Healthcare workers: The 'great helpers' in times of disaster, violence and trauma

The great Fred Rogers once said that in times of disasters, he remembered the words of his mother: "Look for the helpers. You will always find people who are helping."

And time and time again--355 times this year alone, according to one group's definition and count--healthcare workers were among the helpers every time a "mass shooting" took place in the United States. That's more than one shooting in which four or more people were killed or injured by gunfire per day on average.

And the horrific shooting in San Bernardino, California, was the second mass shooting on Wednesday. The other took place in Savannah, Georgia, but didn't get as much media attention due to the events and number of people injured and killed in California.

So much violence and trauma and every time we thankfully have emergency responders on scene as well as clinicians and staff at local hospitals preparing for victims to arrive and treat those with the most serious injuries. And the grim reality of the rate of mass shootings taking place in this country is that healthcare workers must be ready at any time to treat multiple victims with traumatic injuries that are typically seen in times of war.

And it can be overwhelming for even the most experienced clinicians. Thirty-five surgical teams from 10 hospitals across Paris treated the most seriously injured in the massacres that took place in that city last month. We learned about their experience treating so many injuries in a recent piece for The Lancet.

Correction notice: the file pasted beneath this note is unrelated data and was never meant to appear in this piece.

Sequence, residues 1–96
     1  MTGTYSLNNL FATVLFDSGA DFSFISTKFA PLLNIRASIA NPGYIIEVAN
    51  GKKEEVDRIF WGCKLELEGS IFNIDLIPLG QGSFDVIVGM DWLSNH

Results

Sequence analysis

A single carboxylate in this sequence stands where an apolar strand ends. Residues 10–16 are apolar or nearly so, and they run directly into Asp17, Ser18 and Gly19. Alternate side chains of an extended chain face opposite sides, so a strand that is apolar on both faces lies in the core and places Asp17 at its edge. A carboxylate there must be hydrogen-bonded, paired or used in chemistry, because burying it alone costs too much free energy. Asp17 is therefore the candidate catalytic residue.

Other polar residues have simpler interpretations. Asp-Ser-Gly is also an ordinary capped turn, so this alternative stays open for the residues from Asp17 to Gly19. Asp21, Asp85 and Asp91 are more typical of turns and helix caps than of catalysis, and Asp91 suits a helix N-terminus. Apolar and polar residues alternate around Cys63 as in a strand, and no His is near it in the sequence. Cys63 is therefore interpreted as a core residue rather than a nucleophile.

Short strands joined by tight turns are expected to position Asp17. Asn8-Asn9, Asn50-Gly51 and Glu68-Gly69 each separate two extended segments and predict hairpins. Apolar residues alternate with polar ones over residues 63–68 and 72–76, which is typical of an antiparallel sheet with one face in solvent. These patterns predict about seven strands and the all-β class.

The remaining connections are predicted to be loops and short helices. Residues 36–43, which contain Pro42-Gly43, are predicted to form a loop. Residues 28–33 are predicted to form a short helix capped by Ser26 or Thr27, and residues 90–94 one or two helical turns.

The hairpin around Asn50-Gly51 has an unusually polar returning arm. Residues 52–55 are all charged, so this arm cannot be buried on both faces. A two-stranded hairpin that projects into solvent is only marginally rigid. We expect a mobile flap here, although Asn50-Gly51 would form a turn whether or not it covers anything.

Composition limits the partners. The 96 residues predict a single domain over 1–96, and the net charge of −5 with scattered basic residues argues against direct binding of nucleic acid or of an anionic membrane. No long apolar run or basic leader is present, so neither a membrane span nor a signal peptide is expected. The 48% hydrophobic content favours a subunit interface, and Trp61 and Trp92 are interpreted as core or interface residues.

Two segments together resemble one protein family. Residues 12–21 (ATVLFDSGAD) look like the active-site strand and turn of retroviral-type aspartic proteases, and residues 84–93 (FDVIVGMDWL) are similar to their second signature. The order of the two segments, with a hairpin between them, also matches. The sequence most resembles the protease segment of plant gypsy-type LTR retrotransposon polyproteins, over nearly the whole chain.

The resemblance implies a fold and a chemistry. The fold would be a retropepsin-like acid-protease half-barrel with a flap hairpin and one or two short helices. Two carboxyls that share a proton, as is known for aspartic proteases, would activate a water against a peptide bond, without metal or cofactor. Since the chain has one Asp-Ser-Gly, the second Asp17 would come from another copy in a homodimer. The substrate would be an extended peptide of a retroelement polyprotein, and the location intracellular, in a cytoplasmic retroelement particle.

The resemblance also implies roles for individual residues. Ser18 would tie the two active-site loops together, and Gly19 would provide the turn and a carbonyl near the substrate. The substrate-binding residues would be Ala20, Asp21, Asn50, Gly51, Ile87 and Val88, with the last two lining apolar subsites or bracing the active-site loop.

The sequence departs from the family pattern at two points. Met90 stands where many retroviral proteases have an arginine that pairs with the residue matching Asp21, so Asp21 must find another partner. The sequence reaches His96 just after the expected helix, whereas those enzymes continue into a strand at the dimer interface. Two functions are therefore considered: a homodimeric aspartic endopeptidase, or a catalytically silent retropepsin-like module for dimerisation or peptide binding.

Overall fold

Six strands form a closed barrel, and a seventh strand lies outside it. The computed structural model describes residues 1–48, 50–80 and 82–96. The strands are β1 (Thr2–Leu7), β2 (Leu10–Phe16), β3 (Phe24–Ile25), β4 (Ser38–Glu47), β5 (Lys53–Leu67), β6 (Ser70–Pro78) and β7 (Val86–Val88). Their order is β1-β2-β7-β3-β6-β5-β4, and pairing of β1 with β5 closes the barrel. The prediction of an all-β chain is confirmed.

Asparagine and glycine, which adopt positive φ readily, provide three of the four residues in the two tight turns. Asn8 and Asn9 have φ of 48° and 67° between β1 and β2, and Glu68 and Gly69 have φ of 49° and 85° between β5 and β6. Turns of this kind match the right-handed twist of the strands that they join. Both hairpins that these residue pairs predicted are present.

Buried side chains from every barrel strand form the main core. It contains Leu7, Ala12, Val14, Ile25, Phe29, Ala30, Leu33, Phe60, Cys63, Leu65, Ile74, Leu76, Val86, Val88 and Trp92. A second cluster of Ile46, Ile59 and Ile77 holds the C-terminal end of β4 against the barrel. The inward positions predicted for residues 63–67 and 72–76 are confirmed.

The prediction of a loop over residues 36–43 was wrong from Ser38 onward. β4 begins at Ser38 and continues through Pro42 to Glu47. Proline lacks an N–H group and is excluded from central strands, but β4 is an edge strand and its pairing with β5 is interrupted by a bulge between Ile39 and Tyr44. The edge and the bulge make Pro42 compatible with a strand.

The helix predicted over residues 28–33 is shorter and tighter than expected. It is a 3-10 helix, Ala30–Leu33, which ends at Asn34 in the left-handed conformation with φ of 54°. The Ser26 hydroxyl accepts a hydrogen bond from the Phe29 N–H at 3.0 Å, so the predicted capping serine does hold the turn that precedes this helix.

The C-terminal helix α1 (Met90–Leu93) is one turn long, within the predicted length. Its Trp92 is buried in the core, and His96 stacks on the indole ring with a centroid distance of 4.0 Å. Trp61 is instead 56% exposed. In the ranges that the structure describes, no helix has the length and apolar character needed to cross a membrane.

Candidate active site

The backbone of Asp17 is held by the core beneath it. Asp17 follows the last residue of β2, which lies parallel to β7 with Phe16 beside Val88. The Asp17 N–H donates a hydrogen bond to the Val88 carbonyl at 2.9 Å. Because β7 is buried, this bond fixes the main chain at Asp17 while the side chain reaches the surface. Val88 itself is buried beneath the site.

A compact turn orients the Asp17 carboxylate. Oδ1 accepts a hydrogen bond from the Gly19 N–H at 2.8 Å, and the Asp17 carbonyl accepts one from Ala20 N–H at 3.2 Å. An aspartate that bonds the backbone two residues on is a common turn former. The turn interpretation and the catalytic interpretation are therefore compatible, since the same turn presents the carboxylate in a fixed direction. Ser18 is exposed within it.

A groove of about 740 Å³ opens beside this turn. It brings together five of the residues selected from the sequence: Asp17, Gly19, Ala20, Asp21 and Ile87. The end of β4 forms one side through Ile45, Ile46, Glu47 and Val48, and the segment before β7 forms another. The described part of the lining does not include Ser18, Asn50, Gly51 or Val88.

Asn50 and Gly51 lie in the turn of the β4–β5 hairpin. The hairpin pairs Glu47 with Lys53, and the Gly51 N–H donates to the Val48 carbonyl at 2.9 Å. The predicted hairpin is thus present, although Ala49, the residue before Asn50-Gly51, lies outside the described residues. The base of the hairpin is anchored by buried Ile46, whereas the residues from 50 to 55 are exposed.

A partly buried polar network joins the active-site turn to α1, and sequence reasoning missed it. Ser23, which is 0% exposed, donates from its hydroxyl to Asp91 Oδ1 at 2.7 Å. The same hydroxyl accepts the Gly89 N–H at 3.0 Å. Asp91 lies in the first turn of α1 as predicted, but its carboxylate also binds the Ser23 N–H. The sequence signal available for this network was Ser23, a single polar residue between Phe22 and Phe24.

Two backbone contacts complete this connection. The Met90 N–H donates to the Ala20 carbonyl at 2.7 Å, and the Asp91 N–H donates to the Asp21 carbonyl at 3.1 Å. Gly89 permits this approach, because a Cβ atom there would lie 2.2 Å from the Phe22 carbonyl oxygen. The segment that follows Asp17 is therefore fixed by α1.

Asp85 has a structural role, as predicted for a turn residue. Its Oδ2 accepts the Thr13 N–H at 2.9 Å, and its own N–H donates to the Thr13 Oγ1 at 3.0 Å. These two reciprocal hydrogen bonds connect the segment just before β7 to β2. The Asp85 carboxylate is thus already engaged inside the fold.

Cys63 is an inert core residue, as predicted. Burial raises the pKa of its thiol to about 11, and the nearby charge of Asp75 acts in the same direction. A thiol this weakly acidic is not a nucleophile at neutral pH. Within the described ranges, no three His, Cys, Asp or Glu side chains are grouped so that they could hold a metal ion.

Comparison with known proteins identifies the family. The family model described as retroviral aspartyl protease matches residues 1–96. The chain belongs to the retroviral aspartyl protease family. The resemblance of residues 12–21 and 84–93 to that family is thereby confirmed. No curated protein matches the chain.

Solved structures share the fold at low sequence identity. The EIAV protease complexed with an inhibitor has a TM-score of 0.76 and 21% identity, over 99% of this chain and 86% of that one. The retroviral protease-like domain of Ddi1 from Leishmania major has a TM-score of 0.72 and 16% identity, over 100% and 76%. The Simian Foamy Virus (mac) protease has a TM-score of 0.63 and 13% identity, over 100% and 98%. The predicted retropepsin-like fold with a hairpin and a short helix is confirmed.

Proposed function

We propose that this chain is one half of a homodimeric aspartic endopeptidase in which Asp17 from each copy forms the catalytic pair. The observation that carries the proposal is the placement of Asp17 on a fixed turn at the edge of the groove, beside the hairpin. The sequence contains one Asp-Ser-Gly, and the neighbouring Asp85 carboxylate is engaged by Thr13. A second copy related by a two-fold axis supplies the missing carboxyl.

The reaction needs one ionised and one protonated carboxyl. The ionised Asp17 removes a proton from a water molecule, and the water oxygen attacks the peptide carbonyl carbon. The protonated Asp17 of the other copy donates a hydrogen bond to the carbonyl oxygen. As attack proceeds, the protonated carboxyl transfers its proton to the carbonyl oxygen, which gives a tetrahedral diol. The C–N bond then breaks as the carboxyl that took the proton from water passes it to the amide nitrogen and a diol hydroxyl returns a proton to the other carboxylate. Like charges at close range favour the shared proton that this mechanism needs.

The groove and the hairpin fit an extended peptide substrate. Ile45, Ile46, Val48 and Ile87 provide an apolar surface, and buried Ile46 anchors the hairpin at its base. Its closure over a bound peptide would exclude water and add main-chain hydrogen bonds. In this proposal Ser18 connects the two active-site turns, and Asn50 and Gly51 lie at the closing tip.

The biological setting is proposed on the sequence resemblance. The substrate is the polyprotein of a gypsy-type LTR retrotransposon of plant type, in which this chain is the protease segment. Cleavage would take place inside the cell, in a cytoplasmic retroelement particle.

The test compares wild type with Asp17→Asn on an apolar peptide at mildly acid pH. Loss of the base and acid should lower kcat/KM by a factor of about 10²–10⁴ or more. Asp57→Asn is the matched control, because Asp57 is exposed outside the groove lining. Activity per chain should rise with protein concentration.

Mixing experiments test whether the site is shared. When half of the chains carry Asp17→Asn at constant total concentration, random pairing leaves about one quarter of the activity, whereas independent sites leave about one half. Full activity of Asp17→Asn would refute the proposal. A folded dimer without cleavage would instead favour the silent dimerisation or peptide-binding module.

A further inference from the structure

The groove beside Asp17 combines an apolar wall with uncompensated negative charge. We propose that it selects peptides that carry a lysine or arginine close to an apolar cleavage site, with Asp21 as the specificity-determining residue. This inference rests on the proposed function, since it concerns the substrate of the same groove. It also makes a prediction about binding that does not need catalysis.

"Although emergency physicians have been receiving training in disaster medicine for more than 30 years, never before had such a number of victims been reached and so many wounded been operated on urgently. A new threshold has been crossed," the authors wrote.

Paris implemented what it calls its "white plan," a coordinated national response to an emergency that called healthcare personnel to work all over the city, mobilized ambulances and got beds ready in all hospitals. Meanwhile, first responders set up mobile triage units at the scenes of the attacks to treat minor injuries so clinicians at hospitals could handle the more serious injuries.

The national plan is impressive, mobilizing 40 hospitals, 100,000 health professionals, 22,000 beds and 200 operating rooms, according to MedPage Today.

In the days after that terrorist attack, the U.S. called on hospitals to review its disaster plans. Unlike Paris, most hospitals rely on their own plans and coordinated responses with local or state officials. And it raises the question, as another MedPage Today piece noted, whether our hospitals are prepared to treat hundreds of victims with war-like injuries.

Not surprisingly, the answers to that question are conflicted. Some experts, including A. Alex Jahangir, M.D., medical director of Vanderbilt University's Center for Trauma, Burn, and Emergency Surgery, say trauma teams are prepared to handle a similar crisis as Paris. But Alexander Isakov, M.D., of the Emory University School of Medicine, told the publication he wasn't so sure that overcrowded urban emergency medical services systems could handle the number of casualties and severity of injuries.

It's a legitimate concern, but we've learned a lot as a nation about how to respond to disasters since 9/11 and the more recent Boston Marathon bombing. In Boston, the city handled 144 patients after the terrorist attack and passed the disaster planning test.

But the world we now live in requires well thought out--and executed--disaster plans, training on how to treat combat-type wounds and clinicians who rely on their medical instincts and natural desire to help people.

So in this moment of national grief and disbelief, a sincere thank you to all the healthcare workers--our great helpers--who make this world a better place and give us all hope for the future. Ilene (@FierceHealth)

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